Navigating NCUA’s New Fidelity Bond Rule

pencil compass ruler map
By Patrick Touhey

3 minutes

Four things to consider, plus a useful checklist

On Oct. 22, the National Credit Union Administration published a rule amending its fidelity bond regulations (Parts 704 for corporate credit unions and 713 for natural person credit unions). In addition to this checklist (free download with registration), here are four things to consider for complying with the new rule.

The responsibility for compliance with the first two items falls to credit unions.

1. Strengthen Board of Directors’ Oversight

The new rule increases the board’s oversight responsibility for fidelity bond coverage. It requires the board of directors to annually review the CU’s fidelity and other insurance coverage. This will help ensure that coverage is adequate in relation to the potential risks facing the credit union and the minimum requirements set by NCUA.

The board of directors must review all applications for purchase or renewal of the CU’s fidelity bond coverage, pass a resolution approving the purchase or renewal, and delegate one member of the board who is not an employee of the credit union to sign the purchase or renewal agreement and all attachments. No board members may be a signatory on consecutive purchase or renewal agreements for the same fidelity bond coverage policy

2. Permit Natural Person Credit Unions to Include Coverage for Certain CUSOs

The new rule does not prohibit a federally insured credit union from having a fidelity bond that also covers its credit union service organization(s), provided the credit union owns more than 50% of the CUSO or the CUSO is fully organized and staffed by the credit union to handle certain business transactions.

This eliminates the need for a separate commercial crime policy (covering such things as employee dishonesty, forgery, and fraud) for a qualifying CUSO, provided you have confirmed the CUSO is an additional insured under the credit union’s bond as evidenced by being listed on the policy declarations page or by endorsement.

Compliance with the second two items falls on the fidelity bond carrier (underwriter).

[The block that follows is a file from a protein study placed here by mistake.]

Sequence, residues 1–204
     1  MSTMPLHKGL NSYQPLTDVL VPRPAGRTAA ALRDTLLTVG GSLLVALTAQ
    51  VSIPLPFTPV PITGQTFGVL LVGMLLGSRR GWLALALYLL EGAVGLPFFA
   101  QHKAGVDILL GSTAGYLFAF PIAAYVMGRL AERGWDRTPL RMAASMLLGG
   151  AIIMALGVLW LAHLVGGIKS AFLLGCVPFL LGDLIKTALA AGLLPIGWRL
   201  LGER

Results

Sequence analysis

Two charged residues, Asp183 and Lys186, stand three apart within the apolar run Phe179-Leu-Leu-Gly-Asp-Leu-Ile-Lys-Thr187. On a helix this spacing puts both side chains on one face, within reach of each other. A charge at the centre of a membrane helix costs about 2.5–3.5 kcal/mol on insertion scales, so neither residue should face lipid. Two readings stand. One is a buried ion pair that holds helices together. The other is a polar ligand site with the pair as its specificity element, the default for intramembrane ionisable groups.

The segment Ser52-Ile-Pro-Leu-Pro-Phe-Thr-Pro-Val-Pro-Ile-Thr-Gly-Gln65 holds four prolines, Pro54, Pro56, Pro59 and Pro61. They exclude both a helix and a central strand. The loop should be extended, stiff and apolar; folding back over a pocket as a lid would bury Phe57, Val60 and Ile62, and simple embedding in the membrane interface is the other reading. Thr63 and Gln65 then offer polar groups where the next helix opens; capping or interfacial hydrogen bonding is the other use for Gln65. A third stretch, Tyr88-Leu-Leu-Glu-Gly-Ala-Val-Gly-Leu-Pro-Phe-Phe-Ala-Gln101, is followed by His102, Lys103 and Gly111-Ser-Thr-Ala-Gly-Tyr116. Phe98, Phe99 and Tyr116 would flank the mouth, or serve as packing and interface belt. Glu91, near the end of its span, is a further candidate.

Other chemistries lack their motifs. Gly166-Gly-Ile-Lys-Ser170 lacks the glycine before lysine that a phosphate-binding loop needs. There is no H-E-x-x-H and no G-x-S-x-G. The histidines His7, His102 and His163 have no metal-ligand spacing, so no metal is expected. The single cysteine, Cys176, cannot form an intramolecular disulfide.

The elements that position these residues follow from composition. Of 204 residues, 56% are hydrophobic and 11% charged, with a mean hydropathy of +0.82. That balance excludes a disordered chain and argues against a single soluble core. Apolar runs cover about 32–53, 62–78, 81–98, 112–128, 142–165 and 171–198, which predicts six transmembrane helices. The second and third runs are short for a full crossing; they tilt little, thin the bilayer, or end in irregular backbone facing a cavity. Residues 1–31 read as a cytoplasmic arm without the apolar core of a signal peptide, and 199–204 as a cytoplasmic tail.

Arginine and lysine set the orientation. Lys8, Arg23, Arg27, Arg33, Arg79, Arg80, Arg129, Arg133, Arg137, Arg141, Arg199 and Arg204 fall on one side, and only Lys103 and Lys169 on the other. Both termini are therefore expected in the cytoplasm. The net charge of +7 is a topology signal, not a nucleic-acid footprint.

3. Ensure Adequate Period of Discovery of Bond Claims

Previously, the bond coverage terminated immediately upon a credit union’s liquidation and the insurer (underwriter) had sole discretion to allow the credit union an option to purchase an additional period of time to discover losses.

The new rule requirements are noted below:

  • Involuntary Liquidation. The new rule requires the fidelity bond coverage to include an option for the liquidating agent (such as a state regulator or NCUA) to purchase coverage in the event of an involuntary liquidation that extends the discovery period for a covered loss for at least one year.
  • Voluntary Liquidation. The fidelity bond coverage will remain in effect, or provide that the discovery period is extended, for at least four months after the final distribution of assets.

4. Clarify Documents Subject to NCUA Board Approval and Require All Bond Forms to Receive NCUA Board Approval Every 10 Years

NCUA must approve all bond forms from the insurance carrier before federally insured credit unions may use them. This is a clarification to the existing rule since NCUA is aware of instances in which the renewal or continuation of coverage forms included language that limited the bond coverage and approval was not requested or granted for the changes.

There will now be a sunset on NCUA bond form approval of 10 years after it has been approved. Any bond forms that were approved before 2019 will expire on Jan. 1, 2029, unless otherwise determined by the NCUA board.

Patrick Touhey is SVP/bond division at CUES Supplier member Allied Solutions, Carmel, Indiana.

CUES Learning Portal

Subscribe to Skybox

Get two to four blogs delivered via email each week!